Family is central to Hellenismos, which certainly creates an odd situation for those who haven’t one. Some people are estranged from their parents and siblings (that would include myself), and others aren’t married and / or can’t have children by any means, and others simply don’t have children, for various reasons –the VHEMT subculture, while certainly at odds with the ancient ideal of marrying for the purpose of “creating legitimate offspring”, one called to the service of Gaia-Kybele, for example, might see the sense of avoiding procreation for environmental reasons.
A friend of mine who lives with her husband in Lesvos, Hellas, has her own child, but among her friends in the local HR community are those who don’t, and sees the issue as relatively simple to reconcile. It’s the old adage of “it takes a village to raise a child” sort of thinking: the lives of children are affected by everybody around them, not just their parents. There are teachers, doctors, nurses, babysitters, extended family, neighbours, family friends. Everybody, whether they realise it or not, affects that child’s upbringing.
This makes sense, if you think about the neurology involved. Sure, we’re only grazing the cap of foamed milk of understanding how the human mind works, but the leading theories all point to early development having a hand in at least 60% of our adult personalities. Some things are hardwired into the neural development, and rearing can only do so much with that, this is true, but so much of who we become is a direct result of early development, which is based on the people we’re exposed to. In that sense, our family extends considerably beyond those who share direct genetic material with us.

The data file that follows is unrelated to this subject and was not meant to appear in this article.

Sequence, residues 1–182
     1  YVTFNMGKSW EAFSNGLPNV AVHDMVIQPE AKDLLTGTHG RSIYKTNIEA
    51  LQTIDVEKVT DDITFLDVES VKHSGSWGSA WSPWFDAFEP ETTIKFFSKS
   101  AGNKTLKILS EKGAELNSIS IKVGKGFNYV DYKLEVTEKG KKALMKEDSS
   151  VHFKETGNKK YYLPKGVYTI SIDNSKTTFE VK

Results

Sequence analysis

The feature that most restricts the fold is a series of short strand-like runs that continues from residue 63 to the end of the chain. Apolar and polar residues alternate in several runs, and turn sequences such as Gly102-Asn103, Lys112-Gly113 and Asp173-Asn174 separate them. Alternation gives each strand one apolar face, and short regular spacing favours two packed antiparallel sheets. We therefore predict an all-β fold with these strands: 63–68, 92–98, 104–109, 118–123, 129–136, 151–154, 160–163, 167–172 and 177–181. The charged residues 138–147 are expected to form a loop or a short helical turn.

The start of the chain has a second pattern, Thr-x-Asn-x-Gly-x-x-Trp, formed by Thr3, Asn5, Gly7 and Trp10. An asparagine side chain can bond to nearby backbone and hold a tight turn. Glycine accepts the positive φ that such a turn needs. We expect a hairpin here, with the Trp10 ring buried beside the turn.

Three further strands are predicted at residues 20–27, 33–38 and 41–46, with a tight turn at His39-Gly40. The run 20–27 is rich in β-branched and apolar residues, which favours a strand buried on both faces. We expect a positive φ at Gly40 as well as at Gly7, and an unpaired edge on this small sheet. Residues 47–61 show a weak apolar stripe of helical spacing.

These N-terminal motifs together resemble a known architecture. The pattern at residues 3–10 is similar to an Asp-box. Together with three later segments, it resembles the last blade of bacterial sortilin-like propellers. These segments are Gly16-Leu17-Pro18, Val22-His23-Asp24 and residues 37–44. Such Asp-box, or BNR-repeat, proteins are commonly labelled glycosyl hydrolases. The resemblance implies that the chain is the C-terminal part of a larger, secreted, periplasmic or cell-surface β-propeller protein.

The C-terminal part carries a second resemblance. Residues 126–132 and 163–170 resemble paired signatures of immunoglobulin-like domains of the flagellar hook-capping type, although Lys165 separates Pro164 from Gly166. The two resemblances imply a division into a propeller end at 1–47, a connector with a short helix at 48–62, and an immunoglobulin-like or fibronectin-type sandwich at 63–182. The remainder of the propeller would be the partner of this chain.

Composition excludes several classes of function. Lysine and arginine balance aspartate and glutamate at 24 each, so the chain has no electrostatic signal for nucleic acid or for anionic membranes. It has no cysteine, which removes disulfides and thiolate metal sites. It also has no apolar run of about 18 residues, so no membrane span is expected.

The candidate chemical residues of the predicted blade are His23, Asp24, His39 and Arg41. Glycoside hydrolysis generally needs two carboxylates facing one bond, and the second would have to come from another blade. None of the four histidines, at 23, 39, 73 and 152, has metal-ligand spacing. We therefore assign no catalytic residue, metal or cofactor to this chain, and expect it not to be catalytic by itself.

Family isn’t necessarily those who begat you. Procreation is certainly the easiest way to establish family, but ultimately family is the people you not only love and care about, but who affect you and you them. Family is the people who help you cultivate your psyche.